Relevance of Mahatma Gandhi’s principles dealing pandemic

  • Category
    Ethics
  • Published
    6th Apr, 2021

Context

The current COVID-19 Crisis, created by the ‘western socio-economic model’, which is based on profits & consumerism, has revived the relevance of ‘Gandhian philosophy’ in today’s world.

Background

  • The current pandemic is a wake-up call for the postmodern world, and it spotlights the relevance of Mahatma Gandhi’s principles loud and clear and to extract ourselves from the mesmerization of modernity.
  • Gandhi went as far as to discredit modernity’s alleged civilizational status as a “disease”.
  • However, 21st century is the era of globalization, that moves on to make the world a global village.
  • Nowadays, there is this belief that all emergent problems (ecological, social, economic, political, and moral) could be resolved by technological innovations and further discoveries.
  • Gandhi almost predicted the current pattern in the modern society in Hind Swaraj as he prepared its manuscript in 1908 in which he put forward four main goals. These are-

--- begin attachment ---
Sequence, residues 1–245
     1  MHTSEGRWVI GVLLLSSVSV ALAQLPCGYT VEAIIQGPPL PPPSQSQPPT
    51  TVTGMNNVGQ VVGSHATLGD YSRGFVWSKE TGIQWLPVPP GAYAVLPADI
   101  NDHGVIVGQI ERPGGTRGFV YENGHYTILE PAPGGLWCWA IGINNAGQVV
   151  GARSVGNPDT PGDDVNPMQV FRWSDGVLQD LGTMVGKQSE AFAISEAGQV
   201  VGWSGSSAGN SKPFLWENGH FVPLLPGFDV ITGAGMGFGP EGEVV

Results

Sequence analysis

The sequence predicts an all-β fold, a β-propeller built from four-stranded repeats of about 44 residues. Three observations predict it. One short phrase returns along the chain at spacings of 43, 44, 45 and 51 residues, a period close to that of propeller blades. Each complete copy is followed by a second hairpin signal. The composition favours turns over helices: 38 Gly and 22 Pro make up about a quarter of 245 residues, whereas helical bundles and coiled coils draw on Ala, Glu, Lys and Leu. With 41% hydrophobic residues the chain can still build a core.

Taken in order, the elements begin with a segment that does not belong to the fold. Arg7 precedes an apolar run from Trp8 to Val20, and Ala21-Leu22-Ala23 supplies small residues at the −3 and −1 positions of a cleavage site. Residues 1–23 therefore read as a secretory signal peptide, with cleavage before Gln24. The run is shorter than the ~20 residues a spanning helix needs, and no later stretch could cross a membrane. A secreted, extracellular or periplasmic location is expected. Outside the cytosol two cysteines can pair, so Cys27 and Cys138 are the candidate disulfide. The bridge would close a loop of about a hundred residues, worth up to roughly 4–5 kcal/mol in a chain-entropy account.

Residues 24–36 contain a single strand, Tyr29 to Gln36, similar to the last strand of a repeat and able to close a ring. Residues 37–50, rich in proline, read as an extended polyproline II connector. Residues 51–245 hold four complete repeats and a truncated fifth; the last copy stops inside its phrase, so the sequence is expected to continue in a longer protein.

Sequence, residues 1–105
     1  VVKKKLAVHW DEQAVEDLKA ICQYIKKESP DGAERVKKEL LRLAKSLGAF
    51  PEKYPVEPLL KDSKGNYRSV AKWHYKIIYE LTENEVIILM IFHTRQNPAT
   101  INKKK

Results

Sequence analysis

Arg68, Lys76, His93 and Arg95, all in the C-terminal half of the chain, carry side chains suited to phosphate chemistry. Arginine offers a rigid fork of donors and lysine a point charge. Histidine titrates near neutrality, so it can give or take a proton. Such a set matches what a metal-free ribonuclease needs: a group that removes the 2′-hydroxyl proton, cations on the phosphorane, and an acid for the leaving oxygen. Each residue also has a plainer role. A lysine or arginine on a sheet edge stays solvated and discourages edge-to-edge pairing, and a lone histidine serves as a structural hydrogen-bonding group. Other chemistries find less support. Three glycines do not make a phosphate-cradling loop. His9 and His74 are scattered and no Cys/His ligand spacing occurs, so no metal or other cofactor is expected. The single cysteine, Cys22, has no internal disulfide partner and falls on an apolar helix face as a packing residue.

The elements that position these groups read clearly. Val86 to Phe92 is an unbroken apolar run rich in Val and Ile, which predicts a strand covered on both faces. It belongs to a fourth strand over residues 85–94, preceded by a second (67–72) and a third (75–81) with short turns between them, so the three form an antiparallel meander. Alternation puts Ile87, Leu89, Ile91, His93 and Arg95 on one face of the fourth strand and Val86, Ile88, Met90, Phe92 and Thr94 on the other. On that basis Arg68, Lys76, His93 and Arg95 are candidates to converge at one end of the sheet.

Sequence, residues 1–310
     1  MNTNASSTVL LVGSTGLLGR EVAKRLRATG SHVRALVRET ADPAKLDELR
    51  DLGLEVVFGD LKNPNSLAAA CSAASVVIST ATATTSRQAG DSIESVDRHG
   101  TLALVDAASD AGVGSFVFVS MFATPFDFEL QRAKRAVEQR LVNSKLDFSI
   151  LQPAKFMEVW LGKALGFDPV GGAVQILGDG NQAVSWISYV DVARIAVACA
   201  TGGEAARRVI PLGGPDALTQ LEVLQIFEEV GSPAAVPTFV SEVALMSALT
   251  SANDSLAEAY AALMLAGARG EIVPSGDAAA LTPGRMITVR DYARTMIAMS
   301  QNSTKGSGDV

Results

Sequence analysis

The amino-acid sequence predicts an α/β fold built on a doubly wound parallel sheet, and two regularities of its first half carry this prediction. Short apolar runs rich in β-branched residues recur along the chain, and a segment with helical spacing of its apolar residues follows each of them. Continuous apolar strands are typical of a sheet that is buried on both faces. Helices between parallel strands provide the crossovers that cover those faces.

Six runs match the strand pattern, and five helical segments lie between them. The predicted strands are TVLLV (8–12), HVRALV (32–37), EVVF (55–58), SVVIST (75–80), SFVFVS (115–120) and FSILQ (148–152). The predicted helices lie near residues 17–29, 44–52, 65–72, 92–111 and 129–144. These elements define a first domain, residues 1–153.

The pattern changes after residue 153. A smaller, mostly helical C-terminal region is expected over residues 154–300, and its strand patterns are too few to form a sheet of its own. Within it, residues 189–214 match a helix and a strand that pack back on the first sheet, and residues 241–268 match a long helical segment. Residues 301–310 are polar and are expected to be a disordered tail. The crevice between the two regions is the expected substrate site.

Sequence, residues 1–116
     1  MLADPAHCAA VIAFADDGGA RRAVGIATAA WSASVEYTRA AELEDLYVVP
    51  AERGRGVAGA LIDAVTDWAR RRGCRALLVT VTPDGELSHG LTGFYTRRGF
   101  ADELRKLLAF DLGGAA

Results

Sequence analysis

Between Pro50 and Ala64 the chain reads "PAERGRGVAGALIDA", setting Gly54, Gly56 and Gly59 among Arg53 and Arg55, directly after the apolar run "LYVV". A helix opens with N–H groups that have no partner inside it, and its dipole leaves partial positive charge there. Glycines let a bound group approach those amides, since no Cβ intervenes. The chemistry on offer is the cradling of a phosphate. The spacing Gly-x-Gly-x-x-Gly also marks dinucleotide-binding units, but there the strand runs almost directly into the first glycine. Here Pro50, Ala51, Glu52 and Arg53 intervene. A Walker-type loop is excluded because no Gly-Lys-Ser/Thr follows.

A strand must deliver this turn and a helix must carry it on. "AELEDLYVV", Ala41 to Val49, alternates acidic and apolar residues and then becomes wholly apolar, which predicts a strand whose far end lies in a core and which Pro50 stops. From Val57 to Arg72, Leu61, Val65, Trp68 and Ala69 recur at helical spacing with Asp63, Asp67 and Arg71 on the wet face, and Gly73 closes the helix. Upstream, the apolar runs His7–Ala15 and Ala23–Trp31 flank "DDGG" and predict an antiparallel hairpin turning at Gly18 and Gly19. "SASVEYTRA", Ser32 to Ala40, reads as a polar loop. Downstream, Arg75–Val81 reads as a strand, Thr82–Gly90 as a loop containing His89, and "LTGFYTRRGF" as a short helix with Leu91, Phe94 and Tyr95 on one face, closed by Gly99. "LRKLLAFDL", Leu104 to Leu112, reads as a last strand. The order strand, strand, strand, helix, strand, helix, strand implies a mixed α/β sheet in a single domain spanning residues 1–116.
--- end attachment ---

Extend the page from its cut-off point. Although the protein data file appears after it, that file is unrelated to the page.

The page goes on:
• Swaraj
    • Non-violence
    • Swadeshi
    • Sarvodaya

Analysis

What is Gandhian ideology?

Gandhian ideology can be understood as the set of ideas based on religious and social concepts adopted and developed during Gandhi’s period in South Africa (1893 to 1914), and later in India.

  • The philosophy is not only simultaneously political, moral, and religious; it is also traditional and modern, simple and complex.
  • Though it embodies various Western influences to which Gandhiji was exposed, it was rooted in ancient Indian culture harnessing universal moral & religious principles.
  • His ideology focuses not only on idealism but on practical idealism. And it exists on several planes – such as the moral, political, economic, social, religious, individual, and collective.
  • The philosophy is a double-edged weapon, whose objective is to transform the society and individual simultaneously, in accordance with the principles of ‘truth’ and ‘non-violence’.